These men were capitally indicted for assaulting Mr. Samudie, on the highway, and forcibly taking from his person his watch and money. It appeared that Mr. Samudie was returning to Clapton on Thursday evening last, in a single-horse chaise, when he was stopped by five footpads, of whom he believed the prisoners to be three. They bade him deliver his money, which he immediately did, to the amount of 3l. and upwards. This not satisfying them, they demanded his watch, which he also surrendered. They were armed with pistols, and threatened his life unless he immediately surrendered his property. Mr. Samudie gave information of the robbery a short time afterwards, and some officers went in search of the footpads.
On coming to Newington-green, they fell in with three individuals who answered the description Mr. Samudie had given of the footpads, and they endeavoured to take them into custody. They succeeded, however, in securing only Connor and Kelly:—the third person, whom the officers believed to be Carr, made his escape across the fields, having first fired a pistol at the officers. Upon searching Connor they found a parcel containing grocers' currants, which he said he had picked up in the road: the highways, however, were at that time extremely muddy, and not the smallest dirt appeared on the parcel.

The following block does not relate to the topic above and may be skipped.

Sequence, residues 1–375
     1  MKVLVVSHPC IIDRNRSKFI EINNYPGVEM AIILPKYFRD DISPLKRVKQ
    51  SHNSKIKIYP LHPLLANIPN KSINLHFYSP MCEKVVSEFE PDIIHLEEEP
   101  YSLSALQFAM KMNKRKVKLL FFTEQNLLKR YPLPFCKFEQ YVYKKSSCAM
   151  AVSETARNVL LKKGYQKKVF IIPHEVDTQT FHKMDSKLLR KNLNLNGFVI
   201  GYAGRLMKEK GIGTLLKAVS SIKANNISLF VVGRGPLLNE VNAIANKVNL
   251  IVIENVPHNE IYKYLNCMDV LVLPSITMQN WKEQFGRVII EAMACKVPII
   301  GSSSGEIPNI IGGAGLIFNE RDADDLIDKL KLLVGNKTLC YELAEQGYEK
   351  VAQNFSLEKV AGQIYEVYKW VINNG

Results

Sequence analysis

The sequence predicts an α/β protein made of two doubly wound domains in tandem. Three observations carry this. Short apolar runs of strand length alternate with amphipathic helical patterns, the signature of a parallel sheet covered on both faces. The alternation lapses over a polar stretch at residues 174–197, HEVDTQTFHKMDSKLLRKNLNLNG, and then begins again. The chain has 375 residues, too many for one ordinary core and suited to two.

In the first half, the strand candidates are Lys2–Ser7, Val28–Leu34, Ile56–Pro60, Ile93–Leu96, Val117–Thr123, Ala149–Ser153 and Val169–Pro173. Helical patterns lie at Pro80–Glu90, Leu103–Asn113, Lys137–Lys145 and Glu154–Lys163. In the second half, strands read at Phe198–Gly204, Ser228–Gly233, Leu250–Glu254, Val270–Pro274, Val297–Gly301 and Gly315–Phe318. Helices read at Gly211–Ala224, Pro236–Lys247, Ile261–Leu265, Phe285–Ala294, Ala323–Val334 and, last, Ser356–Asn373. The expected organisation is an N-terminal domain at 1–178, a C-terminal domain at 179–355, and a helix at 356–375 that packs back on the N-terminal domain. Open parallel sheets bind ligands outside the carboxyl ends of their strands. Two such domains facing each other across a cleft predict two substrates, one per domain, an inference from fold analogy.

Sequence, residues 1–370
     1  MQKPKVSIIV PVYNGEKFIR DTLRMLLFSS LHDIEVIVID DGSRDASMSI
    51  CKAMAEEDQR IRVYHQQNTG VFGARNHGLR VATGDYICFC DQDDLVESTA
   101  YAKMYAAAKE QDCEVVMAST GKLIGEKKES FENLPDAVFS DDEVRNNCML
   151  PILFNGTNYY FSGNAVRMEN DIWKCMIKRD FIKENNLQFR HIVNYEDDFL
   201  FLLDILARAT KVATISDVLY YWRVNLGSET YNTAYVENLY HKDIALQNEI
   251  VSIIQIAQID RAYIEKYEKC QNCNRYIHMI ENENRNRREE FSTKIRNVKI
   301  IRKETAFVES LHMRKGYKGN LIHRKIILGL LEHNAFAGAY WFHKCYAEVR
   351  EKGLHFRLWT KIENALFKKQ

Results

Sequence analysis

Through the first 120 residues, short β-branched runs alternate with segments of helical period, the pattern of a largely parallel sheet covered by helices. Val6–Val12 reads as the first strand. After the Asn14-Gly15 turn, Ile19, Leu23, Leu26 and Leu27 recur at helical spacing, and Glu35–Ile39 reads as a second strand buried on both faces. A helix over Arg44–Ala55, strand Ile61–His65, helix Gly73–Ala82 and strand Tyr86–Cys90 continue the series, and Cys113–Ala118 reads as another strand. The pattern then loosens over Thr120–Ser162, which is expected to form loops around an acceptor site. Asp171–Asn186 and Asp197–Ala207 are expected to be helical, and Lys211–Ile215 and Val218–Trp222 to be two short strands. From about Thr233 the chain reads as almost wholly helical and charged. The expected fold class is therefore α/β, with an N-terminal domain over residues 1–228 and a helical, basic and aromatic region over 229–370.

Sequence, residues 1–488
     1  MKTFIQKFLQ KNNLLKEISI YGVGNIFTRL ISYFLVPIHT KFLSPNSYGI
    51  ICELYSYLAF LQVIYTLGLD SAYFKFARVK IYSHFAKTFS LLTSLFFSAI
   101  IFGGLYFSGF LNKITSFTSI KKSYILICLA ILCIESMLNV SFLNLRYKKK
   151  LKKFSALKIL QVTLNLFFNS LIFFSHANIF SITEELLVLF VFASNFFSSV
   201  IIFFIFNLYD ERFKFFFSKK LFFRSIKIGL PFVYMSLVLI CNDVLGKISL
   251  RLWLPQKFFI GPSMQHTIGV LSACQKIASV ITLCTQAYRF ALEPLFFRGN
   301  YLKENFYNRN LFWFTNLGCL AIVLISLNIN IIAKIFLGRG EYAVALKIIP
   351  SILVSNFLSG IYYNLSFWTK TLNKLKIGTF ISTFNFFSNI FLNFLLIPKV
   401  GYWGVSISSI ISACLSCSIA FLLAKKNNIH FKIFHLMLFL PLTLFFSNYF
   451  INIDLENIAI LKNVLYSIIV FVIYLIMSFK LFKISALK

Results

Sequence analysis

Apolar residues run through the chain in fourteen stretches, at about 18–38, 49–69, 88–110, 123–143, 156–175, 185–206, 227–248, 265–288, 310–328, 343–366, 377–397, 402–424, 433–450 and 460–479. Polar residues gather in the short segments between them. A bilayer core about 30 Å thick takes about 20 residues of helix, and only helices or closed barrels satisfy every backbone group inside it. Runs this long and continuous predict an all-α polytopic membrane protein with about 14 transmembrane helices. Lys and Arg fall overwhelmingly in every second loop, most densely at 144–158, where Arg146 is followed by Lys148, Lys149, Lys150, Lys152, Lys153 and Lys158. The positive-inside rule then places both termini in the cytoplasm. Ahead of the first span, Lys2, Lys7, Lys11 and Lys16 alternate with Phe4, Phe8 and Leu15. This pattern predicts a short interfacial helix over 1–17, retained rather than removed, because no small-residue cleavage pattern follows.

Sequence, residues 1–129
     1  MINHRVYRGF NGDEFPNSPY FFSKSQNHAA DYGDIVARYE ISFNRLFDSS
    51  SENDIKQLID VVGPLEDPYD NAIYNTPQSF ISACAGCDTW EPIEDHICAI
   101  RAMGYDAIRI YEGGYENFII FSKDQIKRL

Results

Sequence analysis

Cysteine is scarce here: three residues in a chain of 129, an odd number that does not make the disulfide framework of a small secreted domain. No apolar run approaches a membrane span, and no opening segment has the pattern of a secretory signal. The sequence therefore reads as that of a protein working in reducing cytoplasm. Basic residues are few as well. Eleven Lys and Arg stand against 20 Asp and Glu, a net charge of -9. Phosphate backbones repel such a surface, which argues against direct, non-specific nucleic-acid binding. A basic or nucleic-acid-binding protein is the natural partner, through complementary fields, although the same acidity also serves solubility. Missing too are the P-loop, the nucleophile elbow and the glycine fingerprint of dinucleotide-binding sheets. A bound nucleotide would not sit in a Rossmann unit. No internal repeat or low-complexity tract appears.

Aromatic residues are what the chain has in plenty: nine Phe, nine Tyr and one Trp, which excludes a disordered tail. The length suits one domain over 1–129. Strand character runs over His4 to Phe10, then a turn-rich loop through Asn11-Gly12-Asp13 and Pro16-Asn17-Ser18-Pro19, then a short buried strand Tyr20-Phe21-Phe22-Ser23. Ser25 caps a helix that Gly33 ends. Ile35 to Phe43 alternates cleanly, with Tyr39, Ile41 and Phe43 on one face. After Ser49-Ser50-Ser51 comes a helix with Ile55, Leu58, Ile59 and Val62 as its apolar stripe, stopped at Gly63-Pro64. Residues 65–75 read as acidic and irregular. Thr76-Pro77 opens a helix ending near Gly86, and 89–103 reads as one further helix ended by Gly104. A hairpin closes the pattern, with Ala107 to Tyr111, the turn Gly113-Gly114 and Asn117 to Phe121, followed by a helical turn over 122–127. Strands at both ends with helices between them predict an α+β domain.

Mr. Samudie, on being showed that parcel, said it was in his chaise at the time he was robbed, and that he had brought the currants with him from a grocer's in town. He was sure the parcel had not fallen out of his chaise, and he had no doubt of the identity of Connor and Kelly. The other prisoner, however, proved, that at the time of the robbery, he was drinking tea with some of his friends, at such a distance from the spot, that, if the alibi was a true statement, it was sufficient to exonerate him from the charge. There was, however, much suspicion about his case; but the jury acquitted him, and found the other two Guilty.